Here I set n_{1}_{ }= n/log n and then obtained the new modified estimate,
i.e. n/log n + n_{1}/log n_{1 }
However an even simpler improvement  and ultimately more accurate estimate  is obtained though the slight modification of the original log formula i.e. n/(log n – 1).
So once again I provide a table in multiples of 10 up to 10,000,000,000 showing the actual occurrence of primes at each stage as against the predicted values using the original simple estimate (n/log n) and the new modified version n/(log n – 1).
Up to n

Actual no.

n/log n

n/(log n – 1)

10

4

4

8

100

25

22

28

1000

168

145

169

10000

1229

1086

1218

100000

9592

8686

9512

1000000

78498

72382

78030

10000000

664579

620421

661459

100000000

5761455

5428681

5740304

1000000000

50847534

48254942

50701542

10000000000

455052511

434294482

454011971

It can be seen readily from the above table that n/(log n – 1) gives a much more accurate estimation of the frequency of primes than n/log n. Indeed in the final entry in the table for 10^{10}, the accuracy of the first log formula is 95.44% whereas with the modified version it is 99.77%.
It is also apparent from the above that both formulae give an under estimate of the actual number of primes.
By contrast the earlier modified estimate, n/log n + n_{1}/log n_{1}, gives an over estimate.
This would suggest that a simple mean of the two estimates i.e. n/(log n – 1) and n/log n + n_{1}/log n_{1 }would therefore give a more accurate estimate and indeed over the range of values in the table this is certainly the case with the actual value roughly the midpoint of the two modified estimates. However at higher values (and I tested to 10^25) a distinct bias enters in with the excess in the estimate given by n/log n + n_{1}/log n_{1}, becoming increasingly greater than the corresponding deficit in the estimate of n/(log n – 1).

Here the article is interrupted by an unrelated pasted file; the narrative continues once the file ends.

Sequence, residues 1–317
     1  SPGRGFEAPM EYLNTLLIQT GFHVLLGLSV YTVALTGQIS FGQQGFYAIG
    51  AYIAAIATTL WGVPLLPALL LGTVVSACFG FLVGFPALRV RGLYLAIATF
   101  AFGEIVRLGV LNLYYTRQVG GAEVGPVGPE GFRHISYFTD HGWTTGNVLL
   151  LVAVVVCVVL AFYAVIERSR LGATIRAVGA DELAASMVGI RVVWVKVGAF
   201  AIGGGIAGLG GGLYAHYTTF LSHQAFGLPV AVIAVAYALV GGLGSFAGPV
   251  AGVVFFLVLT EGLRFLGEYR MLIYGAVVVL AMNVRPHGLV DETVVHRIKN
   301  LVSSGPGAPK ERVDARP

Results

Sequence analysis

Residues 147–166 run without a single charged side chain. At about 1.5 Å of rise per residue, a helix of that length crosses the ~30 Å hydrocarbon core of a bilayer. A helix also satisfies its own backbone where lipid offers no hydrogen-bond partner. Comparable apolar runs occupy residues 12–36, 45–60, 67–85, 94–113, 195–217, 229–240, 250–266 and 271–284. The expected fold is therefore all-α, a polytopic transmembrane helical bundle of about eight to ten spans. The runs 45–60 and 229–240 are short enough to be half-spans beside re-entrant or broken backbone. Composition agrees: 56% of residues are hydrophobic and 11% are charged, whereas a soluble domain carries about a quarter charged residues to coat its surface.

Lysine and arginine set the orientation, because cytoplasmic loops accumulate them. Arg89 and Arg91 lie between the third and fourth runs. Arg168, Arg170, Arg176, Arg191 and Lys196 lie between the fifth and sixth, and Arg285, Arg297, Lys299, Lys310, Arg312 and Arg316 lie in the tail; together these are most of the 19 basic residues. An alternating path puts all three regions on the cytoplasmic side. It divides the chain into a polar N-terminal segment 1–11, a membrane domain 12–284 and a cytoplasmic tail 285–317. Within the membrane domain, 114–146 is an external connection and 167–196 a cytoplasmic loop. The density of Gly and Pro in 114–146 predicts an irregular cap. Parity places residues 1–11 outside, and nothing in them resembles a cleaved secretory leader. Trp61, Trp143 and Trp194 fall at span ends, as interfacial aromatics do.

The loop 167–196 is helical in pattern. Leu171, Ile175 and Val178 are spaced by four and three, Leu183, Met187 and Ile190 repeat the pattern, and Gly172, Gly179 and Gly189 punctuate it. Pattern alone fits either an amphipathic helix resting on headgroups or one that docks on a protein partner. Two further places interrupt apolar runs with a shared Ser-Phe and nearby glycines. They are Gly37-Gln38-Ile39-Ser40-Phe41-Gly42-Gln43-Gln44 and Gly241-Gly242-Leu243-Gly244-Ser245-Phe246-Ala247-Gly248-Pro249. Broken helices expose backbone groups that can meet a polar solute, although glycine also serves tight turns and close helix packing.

There is an important reason why n/(log n – 1) should prove a better estimate than n/log n.
Log n gives the average spread or gap as between the primes. For example in the region of 1000 we would expect the average gap as between primes to approximate 7 so that the relative frequency = 1/7 (= 1/log n). Another way of expressing this is by saying that in the region of 1000 we would on average expect an unbroken sequence of 6 composite numbers before encountering a primes (i.e. log n – 1) .
Now as I have stated before the primes (from the cardinal perspective) represent the independent aspect with respect to the number system (so that all other composite numbers are derived from the relationship between primes (as building blocks).
So the composite numbers represent the interdependent aspect with respect to the number system. And in dynamic interactive terms, the relationship of primes expresses this complementary relationship as between independence and interdependence respectively.
So the composite numbers represent the interdependent aspect with respect to the number system. And in dynamic interactive terms, the relationship of primes expresses this complementary relationship as between independence and interdependence respectively.
Thus properly speaking the relationship of the primes is not directly with the overall number system (which includes primes) but rather with those composite members (that are qualitatively distinct from primes).
The beauty of this modified formulation n/(log n – 1) is then not only in the fact that it serves as a much better estimator of the primes but that in turn it can be seen to bear a simple inverse relationship with the formula n(log n – 1).
This, as we have seen, accurately predicts the corresponding number of factors with respect to the composite numbers (bearing in turn a very close relationship with the frequency of occurrence of the nontrivial zeros).
This, as we have seen, accurately predicts the corresponding number of factors with respect to the composite numbers (bearing in turn a very close relationship with the frequency of occurrence of the nontrivial zeros).
So therefore the very purpose of this blog entry (and so many before) is to show how the ability to look at the number system in a dynamic interactive manner can reveal many of its great secrets in a very simple form.
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